Wisdom of the crowd is more than the ill-fated television show of the same name. We have all heard the old adage, many minds are better than one, and this can be seen abundantly in nature. Across countless species, nature show us that social creatures, when working together as unified systems, can outperform the vast majority of individual members when solving problems and making decisions. Examples include bees, fish, and ants.
It should come as less of a surprise, then, that humans working together in tandem can efficiently converge decision problems, and even make accurate predictions. This theory of collective intelligence has been studied and analyzed for the past century to try and validate how, when, and in what circumstances it accurately and inaccurately predicts.
Let us go back to a simpler time, when the Astros had yet to win a World Series, the Las Vegas Golden Knights were preparing for the expansion draft, and the hype for The Fate of the Furious was taking over the internet. I am, of course, talking about March 2017.
In my last few posts in this series, I discussed my predictions and conclusions for 2018 MLB end-of-season win totals and playoff odds. However, I decided to step back in this article and examine how this methodology works in greater detail, as well as how it applies to a season where we already know the results, the 2017 season.
Corporations have recently caught on that using sponsorships and influencer marketing techniques within sports products to promote their products is one of the savviest and most reliable ways to reach their target market. It is a great opportunity for them to show consumers their interest in a cause or event and gain their trust, especially in the case of men aged 18-34, a usually hard demographic to reach.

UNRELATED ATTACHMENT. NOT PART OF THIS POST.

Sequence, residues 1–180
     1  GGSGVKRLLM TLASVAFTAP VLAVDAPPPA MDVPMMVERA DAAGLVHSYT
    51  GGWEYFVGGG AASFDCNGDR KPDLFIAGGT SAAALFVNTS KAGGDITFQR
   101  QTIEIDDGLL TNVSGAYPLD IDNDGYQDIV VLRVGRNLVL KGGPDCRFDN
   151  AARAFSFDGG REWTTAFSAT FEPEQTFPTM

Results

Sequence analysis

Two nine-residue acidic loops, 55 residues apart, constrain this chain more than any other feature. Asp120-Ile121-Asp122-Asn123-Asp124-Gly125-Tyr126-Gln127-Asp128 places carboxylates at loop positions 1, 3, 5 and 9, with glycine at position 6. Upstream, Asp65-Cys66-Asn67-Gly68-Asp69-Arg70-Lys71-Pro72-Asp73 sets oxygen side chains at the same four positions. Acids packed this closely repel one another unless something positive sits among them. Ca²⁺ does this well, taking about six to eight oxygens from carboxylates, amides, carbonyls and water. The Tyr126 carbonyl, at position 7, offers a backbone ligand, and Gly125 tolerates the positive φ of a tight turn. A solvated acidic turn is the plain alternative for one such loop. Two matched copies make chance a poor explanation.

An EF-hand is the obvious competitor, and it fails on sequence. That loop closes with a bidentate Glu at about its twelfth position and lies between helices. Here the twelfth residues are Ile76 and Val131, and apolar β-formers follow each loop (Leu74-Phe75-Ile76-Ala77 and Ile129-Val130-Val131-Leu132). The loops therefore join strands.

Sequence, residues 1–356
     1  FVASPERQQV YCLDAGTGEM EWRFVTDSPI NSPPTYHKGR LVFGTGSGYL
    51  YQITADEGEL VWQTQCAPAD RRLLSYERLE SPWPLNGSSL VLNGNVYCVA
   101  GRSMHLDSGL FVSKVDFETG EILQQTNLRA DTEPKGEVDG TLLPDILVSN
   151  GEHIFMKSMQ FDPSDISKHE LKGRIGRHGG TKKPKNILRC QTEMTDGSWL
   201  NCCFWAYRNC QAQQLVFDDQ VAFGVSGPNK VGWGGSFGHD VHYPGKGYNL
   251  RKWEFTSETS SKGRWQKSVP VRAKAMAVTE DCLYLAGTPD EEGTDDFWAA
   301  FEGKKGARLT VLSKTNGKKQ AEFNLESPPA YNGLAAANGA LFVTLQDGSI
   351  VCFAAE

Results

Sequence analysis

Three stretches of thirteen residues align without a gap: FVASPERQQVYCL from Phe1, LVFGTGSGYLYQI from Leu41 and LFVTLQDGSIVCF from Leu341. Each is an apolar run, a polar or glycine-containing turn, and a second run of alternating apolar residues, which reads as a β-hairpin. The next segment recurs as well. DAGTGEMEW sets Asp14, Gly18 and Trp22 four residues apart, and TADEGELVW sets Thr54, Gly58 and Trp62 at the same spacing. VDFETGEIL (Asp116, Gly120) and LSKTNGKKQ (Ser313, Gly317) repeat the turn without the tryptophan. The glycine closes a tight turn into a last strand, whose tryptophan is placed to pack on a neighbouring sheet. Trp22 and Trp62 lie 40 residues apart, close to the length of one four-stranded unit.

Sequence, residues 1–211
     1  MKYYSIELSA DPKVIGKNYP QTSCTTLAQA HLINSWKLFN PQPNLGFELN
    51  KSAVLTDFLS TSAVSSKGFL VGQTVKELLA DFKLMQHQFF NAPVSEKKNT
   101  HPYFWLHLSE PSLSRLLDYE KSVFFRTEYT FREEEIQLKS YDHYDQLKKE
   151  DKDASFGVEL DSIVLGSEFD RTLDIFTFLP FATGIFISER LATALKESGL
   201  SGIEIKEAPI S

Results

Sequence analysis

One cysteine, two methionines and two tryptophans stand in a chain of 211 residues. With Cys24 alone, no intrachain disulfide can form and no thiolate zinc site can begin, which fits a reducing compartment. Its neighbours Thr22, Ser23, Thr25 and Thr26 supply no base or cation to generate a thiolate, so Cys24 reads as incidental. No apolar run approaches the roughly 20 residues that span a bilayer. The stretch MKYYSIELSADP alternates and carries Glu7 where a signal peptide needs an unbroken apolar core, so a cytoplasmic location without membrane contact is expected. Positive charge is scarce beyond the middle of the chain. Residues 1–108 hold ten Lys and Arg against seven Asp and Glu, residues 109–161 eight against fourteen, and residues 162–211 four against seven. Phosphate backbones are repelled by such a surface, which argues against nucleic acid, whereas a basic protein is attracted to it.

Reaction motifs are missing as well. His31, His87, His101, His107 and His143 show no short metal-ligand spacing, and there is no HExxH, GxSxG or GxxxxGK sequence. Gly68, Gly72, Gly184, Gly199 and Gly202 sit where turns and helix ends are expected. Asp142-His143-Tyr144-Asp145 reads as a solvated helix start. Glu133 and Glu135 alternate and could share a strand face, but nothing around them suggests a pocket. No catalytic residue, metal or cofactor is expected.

This week, we tackle a common question in today’s realm of Big Data. We all know that there are many systems and methods for collecting data, from web/text scraping, click monitoring, and financial data just to name a few. As a society filled with a rapidly growing amount of data and analytical problems, how do we know when you have enough data? Could there even be situations in which we might have too much data?
Anyone who has taken an introduction to psychology, social sciences, or a statistics class has heard the old adage, “correlation does not imply causation.” This rule posits that just because two trends seem to fluctuate in tandem, this common variance is not enough to prove that they are meaningfully related to one another.
While this sounds nice enough on paper, it is easy to forget when a provocative headline like “Does This Ad Make Me Fat” tricks us into believing a scenario we wish to be true. It would be ideal if we could blame America’s obesity problem on a common annoyance surrounding us everyday, excessive advertising.